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Ken Forkish 48-72 Hour Biga Pizza Dough


John Setzler
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3 hours ago, ckreef said:

Those are some really tasty looking pizzas. Going to try this dough out next time I make pizzas probably this week. Keep in mind for me to switch off the KA Artisan dough I've been using and try something different is the absolute highest pizza compliment from me. My pizza experimenting days are over but those look good enough to try it. 

 

 

There is no reason you could not try it with the KA flour blend.

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Have done Forkish's overnight levain dough (70% hydration) using Caputo 00 flour and a baking steel in the oven with the broiler method. Have also done the  Pizza Bible levain dough with high protein (All Trumps) flour. Both are excellent. Levain doughs have considerably more flavor than commercial yeast doughs (including 48-72 hour doughs).

 

Here's a recent Forkish overnight levain pizza with 00 flour:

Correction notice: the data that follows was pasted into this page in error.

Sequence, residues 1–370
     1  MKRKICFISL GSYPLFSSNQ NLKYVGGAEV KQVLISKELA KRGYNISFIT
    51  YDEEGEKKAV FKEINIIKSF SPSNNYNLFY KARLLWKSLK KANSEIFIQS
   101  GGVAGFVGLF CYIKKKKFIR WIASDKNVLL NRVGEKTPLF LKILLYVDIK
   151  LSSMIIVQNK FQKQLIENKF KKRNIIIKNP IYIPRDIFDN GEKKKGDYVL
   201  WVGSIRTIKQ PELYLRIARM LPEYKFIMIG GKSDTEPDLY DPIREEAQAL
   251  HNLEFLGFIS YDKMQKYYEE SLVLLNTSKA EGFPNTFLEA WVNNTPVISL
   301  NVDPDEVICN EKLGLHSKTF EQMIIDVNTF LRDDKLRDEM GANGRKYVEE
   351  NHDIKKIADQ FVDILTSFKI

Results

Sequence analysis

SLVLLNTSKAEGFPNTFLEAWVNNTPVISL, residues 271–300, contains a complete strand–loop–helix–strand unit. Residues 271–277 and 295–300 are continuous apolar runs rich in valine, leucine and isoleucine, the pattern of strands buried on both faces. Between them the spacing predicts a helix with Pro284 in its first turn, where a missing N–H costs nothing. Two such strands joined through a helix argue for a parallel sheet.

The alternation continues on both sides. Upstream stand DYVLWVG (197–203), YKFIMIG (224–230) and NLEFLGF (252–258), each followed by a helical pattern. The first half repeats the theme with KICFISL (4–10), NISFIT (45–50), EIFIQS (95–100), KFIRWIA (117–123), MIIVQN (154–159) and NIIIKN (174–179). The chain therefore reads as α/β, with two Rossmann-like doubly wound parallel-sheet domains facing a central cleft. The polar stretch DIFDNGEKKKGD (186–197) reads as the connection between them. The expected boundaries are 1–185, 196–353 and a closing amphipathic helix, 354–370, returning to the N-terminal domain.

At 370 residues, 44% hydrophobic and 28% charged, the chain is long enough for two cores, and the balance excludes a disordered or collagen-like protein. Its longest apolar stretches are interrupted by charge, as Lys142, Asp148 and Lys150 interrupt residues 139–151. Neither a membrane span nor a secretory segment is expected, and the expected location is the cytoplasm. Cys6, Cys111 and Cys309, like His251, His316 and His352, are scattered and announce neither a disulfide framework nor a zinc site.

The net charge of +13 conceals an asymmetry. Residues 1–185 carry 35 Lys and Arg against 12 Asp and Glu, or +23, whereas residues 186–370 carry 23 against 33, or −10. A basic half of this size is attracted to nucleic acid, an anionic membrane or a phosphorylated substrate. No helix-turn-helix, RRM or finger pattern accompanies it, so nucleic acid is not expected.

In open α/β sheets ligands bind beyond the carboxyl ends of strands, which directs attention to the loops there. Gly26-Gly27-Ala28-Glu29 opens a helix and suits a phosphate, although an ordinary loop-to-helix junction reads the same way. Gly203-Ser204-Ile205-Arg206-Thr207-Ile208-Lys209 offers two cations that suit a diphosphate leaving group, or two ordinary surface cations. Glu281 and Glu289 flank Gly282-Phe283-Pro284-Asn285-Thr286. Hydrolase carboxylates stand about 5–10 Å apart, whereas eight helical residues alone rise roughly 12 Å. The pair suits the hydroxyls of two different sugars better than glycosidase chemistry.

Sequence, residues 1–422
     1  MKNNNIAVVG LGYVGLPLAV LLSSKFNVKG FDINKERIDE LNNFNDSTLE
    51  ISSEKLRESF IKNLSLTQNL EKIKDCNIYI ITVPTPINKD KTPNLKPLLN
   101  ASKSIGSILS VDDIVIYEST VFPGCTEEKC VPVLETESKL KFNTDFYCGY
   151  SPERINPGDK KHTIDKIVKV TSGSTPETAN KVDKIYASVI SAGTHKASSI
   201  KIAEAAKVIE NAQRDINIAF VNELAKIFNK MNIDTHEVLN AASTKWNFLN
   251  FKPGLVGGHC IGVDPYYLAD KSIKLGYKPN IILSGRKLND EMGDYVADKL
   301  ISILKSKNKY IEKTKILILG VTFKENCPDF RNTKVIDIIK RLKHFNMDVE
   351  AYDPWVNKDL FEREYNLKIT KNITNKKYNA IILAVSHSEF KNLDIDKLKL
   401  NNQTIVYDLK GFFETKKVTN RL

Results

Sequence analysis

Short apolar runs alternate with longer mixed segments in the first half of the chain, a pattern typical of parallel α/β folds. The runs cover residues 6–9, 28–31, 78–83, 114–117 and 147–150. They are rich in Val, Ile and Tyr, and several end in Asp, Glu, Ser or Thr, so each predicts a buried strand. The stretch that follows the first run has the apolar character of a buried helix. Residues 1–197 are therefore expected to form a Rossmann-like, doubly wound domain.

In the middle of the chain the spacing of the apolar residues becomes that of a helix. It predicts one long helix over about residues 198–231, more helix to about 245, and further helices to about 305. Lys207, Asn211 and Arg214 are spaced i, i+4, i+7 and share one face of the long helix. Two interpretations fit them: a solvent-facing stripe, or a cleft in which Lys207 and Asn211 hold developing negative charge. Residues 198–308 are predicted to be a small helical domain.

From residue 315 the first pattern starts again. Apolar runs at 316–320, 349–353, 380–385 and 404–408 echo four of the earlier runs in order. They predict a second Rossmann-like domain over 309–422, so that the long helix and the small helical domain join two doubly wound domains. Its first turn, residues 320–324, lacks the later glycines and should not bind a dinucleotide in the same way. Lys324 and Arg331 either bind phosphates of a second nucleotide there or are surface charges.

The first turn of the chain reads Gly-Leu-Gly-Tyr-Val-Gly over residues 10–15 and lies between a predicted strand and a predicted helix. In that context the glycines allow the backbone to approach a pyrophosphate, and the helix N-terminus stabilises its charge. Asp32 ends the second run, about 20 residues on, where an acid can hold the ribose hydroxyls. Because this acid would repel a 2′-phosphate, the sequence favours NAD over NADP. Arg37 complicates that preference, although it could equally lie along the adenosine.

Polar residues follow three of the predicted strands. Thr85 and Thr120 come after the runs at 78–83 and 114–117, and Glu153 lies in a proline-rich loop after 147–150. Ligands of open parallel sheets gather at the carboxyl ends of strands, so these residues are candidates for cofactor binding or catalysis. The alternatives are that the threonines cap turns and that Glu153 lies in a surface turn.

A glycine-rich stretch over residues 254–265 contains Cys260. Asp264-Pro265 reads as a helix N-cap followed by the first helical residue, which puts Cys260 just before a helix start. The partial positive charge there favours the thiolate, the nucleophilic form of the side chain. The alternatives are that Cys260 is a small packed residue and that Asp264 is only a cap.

IMG_2345.JPG

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8 minutes ago, landscaper said:

 

Yup, that's the stuff, although I use the unbromated version of this. You can find it in smaller quantities if you search a bit.  Makes an excellent New York style crust. I like it much better than the "standard" KA flours. Haven't tried KA Sir Lancelot, though, which I think is similar protein content. Levain dough with All Trumps is my current go-to.  

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On 4/15/2017 at 9:32 PM, shuley said:

Just when I thought I knew something about pizza I found out..... I really know nothing about pizza. This was a fascinating thread.

I was just thinking the same thing! I was also thinking my wife will kill me when another cook book turns up at the door.... :)

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6 hours ago, Ginger Ben said:

I was just thinking the same thing! I was also thinking my wife will kill me when another cook book turns up at the door.... :)

 

For what it's worth I started getting cookbooks out of the library to try before I buy them. This means I try many more cookbooks and buy far fewer of them. 

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On ‎4‎/‎15‎/‎2017 at 2:30 PM, HalfSmoke said: